O'Malley, businesses must help Pratt library

May 03, 2001|By Barry Rascovar

WHAT WILL it take to rescue the 115-year-old Enoch Pratt Free Library? Above all, committed leadership.

With the mayor giving a silent push, the Pratt is about to close five of its 26 branches. Five more could be eliminated later.

That kind of retreat doesn't instill confidence in the Pratt's future. But library officials do have a plan, and it's not without merit.

The idea is to replace aging, underused branches with four large, well-stocked regional libraries offering computers, VCRs, community rooms, lots of up-to-date books and a full staff of librarians.

But at its present snail's pace, the Pratt won't open the first regional library for two years. It could be another six years after that -- or longer -- before the other three regional libraries open.

By then, there might not be much left of the Pratt to preserve.

The Pratt is a sad victim of official abandonment. Three mayors, over three decades, have seen the city's library system -- once a gleaming, nationwide model -- as an appendage that need not be nurtured.

William Donald Schaefer started the stinginess with the Pratt; Kurt L. Schmoke's "The City That Reads" slogan didn't extend to the libraries; and Martin O'Malley doesn't have much interest.

The Pratt could die from all this neglect.

These are hard times for the city's library system. Its staff of 342, cut by one-third over the past decade, is stressed. There aren't enough funds to keep books current. There's no money for preventive maintenance on its aging buildings. Nor has the city put up money to renovate the branches.

Politicians have turned their backs.

Take, for instance, Baltimore's delegation to the General Assembly. City lawmakers sponsored and approved a total of 39 miscellaneous capital projects, worth $51 million, during the recent legislative session.

Not a penny was allocated for fixing the Pratt's branches or for building the regional libraries. It just wasn't a priority.

Nor do you see members of the Baltimore City Council taking up the Pratt's cause. They moan about the coming branch closings, but what are they doing to find funds for the Pratt?

The same should be asked of the mayor. Where's his grand financing plan to make the Pratt a beacon of hope for kids in tattered neighborhoods?

Where's the impetus to find the necessary funds to build regional libraries, renovate the remaining branches and turn them into busy centers of community life?

It should be the mayor, not the library board, organizing a campaign to knock on foundation doors for capital grants essential to resurrecting those branches and opening modern, regional libraries ASAP.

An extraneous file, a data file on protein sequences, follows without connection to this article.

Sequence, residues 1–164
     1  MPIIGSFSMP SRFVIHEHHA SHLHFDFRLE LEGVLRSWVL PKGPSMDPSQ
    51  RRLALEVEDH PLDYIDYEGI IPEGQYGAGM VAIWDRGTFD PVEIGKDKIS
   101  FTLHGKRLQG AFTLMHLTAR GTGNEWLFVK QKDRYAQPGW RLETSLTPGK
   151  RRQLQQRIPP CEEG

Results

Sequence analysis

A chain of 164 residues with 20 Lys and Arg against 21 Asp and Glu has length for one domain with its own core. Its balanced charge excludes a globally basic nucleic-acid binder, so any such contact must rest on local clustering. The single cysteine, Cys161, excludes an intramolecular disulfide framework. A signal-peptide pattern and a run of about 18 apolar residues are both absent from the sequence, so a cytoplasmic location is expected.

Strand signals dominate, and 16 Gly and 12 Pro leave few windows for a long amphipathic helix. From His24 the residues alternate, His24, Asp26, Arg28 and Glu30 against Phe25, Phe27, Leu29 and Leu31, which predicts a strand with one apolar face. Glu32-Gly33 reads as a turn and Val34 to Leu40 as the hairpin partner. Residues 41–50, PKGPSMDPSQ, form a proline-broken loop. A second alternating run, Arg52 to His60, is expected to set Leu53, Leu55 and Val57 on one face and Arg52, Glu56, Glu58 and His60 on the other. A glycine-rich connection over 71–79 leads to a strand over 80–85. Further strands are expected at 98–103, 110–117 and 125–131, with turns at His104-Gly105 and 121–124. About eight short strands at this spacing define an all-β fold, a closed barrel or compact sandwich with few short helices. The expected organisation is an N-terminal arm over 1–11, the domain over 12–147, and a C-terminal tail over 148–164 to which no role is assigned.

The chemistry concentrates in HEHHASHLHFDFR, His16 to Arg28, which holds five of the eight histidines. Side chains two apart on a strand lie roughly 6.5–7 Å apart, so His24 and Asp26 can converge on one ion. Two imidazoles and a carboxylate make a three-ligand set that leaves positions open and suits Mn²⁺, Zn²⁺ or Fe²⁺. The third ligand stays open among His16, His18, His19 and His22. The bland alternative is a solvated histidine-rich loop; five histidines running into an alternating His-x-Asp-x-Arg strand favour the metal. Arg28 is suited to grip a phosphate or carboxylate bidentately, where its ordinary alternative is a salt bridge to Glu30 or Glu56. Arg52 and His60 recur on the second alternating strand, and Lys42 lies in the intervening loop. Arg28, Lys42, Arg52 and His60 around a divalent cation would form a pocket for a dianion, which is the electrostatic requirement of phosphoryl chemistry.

Baltimore's struggling citizens can't afford to wait a decade for a fully reborn Pratt to emerge. The tragic decline of the library's branch system has become a symbol of what's going wrong in this aging city.

The mayor needs to come up with a strategy for obtaining state capital bond money for the library's renewal, a strategy that the city's legislative delegation can embrace and ardently support.

The mayor needs to put the squeeze on the region's wealthy business leaders and the Greater Baltimore Committee to ante up -- not only bucks for books and buildings, but sweat equity, too.

Where's the corporate "Adopt a Library Branch" program? Where's the effort to involve corporate workers in a long-term Pratt library literacy program?

And where's the effort to turn these neighborhood branches and regional libraries (if they ever get built) into multipurpose centers?

These ought to include not only the traditional library fare, but City Hall outreach offices, a well-used community meeting room, weekly movies, adult education programs, and maybe a coffee bar and some commercial shops in the same block -- even if the city has to subsidize these enterprises to make them viable.

The Pratt is slowly bleeding to death. It need not continue.

The library staff has plenty of innovative ideas for getting books and information to folks in different ways -- at senior centers, day-care centers, school libraries as "Pratt portals," computer kiosks in shopping areas, cooperative ventures with the counties.

It makes sense to stabilize a somewhat smaller library system while still reaching out in all neighborhoods, but in different ways.

One encouraging sign is active private fund-raising by the Pratt after decades of moribund efforts.

But without leadership from the very top -- both public and private -- the Pratt won't make it. Who's going to step forward and take up the banner of lending libraries as the city's lifeblood?

Four years ago, the Baltimore Community Foundation had a commission study the Pratt's situation. It concluded that "despite creative leadership and the best efforts of staff, the Pratt barely has the resources it needs to be an adequate library."

It is time for the mayor, among others, to recognize that a valuable resource is being wasted. Let's hope he and the business community react before it's too late.

Barry Rascovar is deputy editorial page editor.

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